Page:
Core-based characterizations and analytical measurements provide critical information used to inform subsurface geologic models and ground-truth wireline-log measurements. This information also allows the geologist to understand complexities and heterogeneities that exist at all scales. Core-based measurements incorporate a wide range of tools that cover all scales from visual core inspection, petrographic thin section analysis, nanometer scanning electron microscopy, and high-resolution X-ray fluorescence (XRF) chemofacies characterizations. In addition to core descriptions, rock and fluid attributes (i.e., mineralogy, oil and water saturation, rock mechanical properties, porosity, and permeability) are measured or imaged at specific core locations that are often widely spaced across the core. Integrating all of these measurements, observations, learnings, and characterizations into a unified framework that can be applied to all cores across a formation of interest remains a challenge. Calibrating wireline logs from core-based measurements has been a particular challenge due to the low spatial resolution of key rock- and fluid-attribute measurements. This challenge prevents geologists and petrophysicists from applying the findings from one core to all cores and wireline logs within the basin.
The objective of CorePy is to integrate all core-based measurements into a unified framework that captures key core-based chemofacies and lithofacies characterizations for the formation of interest, and ties rock- and fluid-attribute measurements to those chemofacies. This integrative approach is based on high-resolution (2 inch) XRF measurements assembled into formation-specific training data sets that are evaluated using a combination of supervised visual lithofacies clusters and unsupervised chemofacies clusters. A deep neural network model is trained on this formation-specific training data set to classify the statistical probability and spatial distribution of chemofacies across all cores in the region of interest. Measured rock and fluid attributes are integrated into the model to further characterize each chemofacies. The chemofacies stacking pattern within each core is then used to model mineralogy, grain density, porosity, and water saturation curves that can be tied directly to wireline logs for upscaling.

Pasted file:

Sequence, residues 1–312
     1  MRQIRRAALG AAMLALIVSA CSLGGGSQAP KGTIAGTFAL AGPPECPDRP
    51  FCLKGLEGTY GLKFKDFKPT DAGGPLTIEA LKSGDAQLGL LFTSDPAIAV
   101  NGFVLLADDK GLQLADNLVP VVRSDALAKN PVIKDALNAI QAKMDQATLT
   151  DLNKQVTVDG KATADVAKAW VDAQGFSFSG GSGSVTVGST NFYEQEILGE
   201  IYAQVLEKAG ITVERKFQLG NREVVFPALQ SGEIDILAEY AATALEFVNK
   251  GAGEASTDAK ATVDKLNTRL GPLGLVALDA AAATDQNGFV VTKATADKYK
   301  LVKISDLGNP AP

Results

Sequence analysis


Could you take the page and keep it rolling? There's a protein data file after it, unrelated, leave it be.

Currently the MSRL hosts trained chemofacies models for the Eagle Ford Group, Wolfcamp Formations across Midland and Delaware Basins, the Bone Spring Formation across Delaware Basin, and the Vaca Muerta Formation in Argentina. New research is applying these models to the Barnett Shale, the Marcellus Formation, the Bakken Formation, and the Austin Chalk.
Research Program: Mudrock Systems Research Laboratory (MSRL)
Project dates: March 2019–January 2022
Project PI: Toti Larson
Other key personnel: Evan Sivil, Lucy Tingwei Ko, and Priyanka Periwal
Principal information contact:
Telephone: (512) 838-3230
Funding source: MSRL consortia members
Other key partners/collaborators: Jonathan Knapp (Bruker Nano Analytics), Robert Reed (MSRL)
Geographic areas of study: Eagle Ford Shale, Bone Spring Formation, Wolfcamp Formation, Vaca Muerta Formation
General disciplines: Machine learning, sedimentary depositional systems, facies interpretation and core characterizations, informing wireline logs and basin models, data analytics
Keywords: Eagle Ford Group, machine learning, Wolfcamp Formation, Bone Spring Formation, mudrock systems